This is a French book, translated by Hildegarde Serle.
Genre: Fantasy Age Range: YA Star Rating: 1.5 stars Series: Yes - first book
Long ago, following a cataclysm called “The Rupture,” the world was shattered into many floating celestial islands. Known now as Arks, each has developed in distinct ways; each seems to possess its own unique relationship to time, such that nowadays vastly different worlds exist, together but apart. And over all of the Arks the spirit of an omnipotent ancestor abides.
Ophelia lives on Anima, an ark where objects have souls. Beneath her worn scarf and thick glasses, the young girl hides the ability to read and communicate with the souls of objects, and the power to travel through mirrors. Her peaceful existence on the Ark of Anima is disrupted when she is promised in marriage to Thorn, from the powerful Dragon clan. Ophelia must leave her family and follow her fiancée to the floating capital on the distant Ark of the Pole. Why has she been chosen? Why must she hide her true identity? Though she doesn’t know it yet, she has become a pawn in a deadly plot.
Synopsis taken from Goodreads. Add to your shelves here.
I picked this book up because the cover caught my eye and the concept of a main character reading objects was intriguing, not to mention the floating cities. I was sorely disappointed.
The concept is lost very quickly in the sluggish story. It’s so slow, to the point of no plot. Nothing seemed to happened, but when it felt like there was a plot point happening, I was simply confused. I considered DNF’ing the book at halfway, but decided to push on because I was clinging to hope.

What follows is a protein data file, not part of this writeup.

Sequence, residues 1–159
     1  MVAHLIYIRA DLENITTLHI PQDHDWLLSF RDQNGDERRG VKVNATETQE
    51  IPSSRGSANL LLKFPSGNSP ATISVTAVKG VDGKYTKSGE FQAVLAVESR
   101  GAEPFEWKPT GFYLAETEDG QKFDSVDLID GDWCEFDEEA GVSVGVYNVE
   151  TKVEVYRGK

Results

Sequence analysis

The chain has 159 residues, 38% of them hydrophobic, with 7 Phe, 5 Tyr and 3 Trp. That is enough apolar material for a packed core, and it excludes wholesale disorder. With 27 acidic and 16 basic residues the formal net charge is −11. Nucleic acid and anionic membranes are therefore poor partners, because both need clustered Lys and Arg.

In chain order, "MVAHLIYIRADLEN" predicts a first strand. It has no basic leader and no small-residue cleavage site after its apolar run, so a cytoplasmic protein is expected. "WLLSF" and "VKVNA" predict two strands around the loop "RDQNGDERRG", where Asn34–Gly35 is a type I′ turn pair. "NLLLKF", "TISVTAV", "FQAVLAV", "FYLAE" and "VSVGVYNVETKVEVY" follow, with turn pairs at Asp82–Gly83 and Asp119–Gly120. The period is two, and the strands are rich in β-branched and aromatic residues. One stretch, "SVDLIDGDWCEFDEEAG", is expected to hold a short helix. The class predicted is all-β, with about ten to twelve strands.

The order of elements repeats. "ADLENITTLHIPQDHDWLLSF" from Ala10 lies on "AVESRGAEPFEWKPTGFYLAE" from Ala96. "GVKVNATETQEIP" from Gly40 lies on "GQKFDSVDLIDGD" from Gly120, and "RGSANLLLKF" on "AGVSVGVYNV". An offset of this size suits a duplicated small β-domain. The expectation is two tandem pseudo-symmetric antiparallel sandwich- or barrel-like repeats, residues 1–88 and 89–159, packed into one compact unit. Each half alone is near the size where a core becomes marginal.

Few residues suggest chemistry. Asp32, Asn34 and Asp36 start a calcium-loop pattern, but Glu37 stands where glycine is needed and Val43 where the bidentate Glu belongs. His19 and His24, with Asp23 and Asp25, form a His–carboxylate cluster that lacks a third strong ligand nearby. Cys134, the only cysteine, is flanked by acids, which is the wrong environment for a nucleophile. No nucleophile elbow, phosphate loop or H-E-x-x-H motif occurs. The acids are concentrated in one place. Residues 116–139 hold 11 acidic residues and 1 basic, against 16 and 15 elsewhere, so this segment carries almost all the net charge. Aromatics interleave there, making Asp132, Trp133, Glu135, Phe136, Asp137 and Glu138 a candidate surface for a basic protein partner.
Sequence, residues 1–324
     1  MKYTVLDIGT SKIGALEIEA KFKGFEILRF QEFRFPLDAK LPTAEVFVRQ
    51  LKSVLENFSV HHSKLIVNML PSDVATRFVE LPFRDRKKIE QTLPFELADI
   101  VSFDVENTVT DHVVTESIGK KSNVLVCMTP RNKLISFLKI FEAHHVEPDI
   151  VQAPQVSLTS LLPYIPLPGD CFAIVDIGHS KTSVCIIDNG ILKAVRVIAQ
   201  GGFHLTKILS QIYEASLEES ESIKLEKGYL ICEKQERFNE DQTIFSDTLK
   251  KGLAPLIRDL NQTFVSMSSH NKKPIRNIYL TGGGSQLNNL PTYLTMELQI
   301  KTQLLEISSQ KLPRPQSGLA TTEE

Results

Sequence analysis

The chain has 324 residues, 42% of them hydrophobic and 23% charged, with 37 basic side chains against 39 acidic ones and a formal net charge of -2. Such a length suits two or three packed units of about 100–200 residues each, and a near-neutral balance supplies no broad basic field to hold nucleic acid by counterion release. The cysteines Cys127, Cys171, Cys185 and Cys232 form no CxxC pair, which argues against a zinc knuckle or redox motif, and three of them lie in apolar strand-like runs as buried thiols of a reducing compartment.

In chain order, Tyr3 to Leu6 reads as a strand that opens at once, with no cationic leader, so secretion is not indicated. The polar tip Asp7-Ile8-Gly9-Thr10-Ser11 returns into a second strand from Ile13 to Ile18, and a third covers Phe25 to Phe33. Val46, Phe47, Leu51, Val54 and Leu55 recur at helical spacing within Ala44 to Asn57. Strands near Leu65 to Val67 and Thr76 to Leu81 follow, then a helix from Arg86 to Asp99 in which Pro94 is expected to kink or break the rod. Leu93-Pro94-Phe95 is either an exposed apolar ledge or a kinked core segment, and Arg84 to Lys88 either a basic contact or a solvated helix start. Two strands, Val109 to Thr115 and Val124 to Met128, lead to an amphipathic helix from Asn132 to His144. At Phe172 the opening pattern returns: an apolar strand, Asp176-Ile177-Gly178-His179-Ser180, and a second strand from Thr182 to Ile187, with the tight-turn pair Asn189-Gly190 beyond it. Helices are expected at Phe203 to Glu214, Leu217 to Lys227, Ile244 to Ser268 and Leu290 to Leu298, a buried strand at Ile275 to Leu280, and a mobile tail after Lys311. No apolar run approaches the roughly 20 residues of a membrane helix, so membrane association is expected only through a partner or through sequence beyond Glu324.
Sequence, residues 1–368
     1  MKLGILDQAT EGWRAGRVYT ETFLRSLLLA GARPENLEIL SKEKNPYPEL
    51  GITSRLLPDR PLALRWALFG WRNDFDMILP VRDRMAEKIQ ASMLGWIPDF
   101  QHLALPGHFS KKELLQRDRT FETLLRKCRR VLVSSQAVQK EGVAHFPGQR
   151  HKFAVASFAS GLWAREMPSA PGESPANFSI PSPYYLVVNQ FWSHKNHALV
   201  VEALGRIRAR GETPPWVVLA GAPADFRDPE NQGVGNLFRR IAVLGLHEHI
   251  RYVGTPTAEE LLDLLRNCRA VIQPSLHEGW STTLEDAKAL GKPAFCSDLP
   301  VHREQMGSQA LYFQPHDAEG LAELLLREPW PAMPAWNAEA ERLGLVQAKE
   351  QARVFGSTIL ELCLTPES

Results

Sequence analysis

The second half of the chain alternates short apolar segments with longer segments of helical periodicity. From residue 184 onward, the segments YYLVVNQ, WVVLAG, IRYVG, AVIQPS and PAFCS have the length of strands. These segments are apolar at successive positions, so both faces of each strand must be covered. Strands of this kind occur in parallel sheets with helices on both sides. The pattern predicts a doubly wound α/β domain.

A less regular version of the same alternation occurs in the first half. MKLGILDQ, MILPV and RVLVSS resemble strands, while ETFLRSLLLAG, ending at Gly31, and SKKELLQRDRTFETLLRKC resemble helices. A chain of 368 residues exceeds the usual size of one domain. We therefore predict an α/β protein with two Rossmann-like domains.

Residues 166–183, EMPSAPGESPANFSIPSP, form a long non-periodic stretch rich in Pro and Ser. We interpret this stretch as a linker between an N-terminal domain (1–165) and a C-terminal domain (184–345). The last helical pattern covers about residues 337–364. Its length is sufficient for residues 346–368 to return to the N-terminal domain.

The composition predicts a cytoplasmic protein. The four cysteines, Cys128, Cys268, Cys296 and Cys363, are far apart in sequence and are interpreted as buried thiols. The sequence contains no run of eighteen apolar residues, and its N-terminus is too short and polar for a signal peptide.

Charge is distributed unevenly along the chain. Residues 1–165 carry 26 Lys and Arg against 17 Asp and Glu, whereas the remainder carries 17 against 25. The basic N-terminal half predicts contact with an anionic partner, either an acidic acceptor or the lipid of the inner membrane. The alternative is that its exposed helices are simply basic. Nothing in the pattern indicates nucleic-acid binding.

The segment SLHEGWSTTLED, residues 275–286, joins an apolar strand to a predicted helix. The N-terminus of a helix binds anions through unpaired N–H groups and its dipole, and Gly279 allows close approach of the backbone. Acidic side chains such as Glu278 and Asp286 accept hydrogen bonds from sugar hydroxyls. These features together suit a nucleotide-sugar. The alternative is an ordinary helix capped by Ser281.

There’s so little actual reading of objects, and it apparently is part of the plot (the reason she’s engaged) but it barely comes up. The magic system is confusing and underdeveloped. Some people have abilities that are all nasty to serve the plot?
Orphelia is so passive. She just floats through the world watching and has no bearing on what happens. If you’d swapped her out for a chair, the plot would have been the same. She’s shoved around and manipulated. At the end she voices displeasure at this, but goes along with it. There’s also no emotional reaction from her what so ever. She observes, without an opinion and no feelings.
The blurb mentioned her betrothal, and I was worried that they’d all fall in love for no reason. However, they all seemed quite happy to ignore each other until maybe 70%. But then Thorn said he liked her company despite spending five minutes with her and never talking? Suddenly this was taken as a declaration of love? Orphelia didn’t like that, and does tell him much later, but it was still so frustrating.
The world came across as depressingly sexist. Women have only ‘womanly’ influence – they’re scheming, nasty wives or waiting to be married (the exception is a mechanic). The men hold all the power and one takes pleasure in luring women into his bed. For reference, this book was published in 2015. Shouldn’t we be past this? Particularly from female authors.
The one place the book excels is the lyrical writing – so hats off to the translator for that.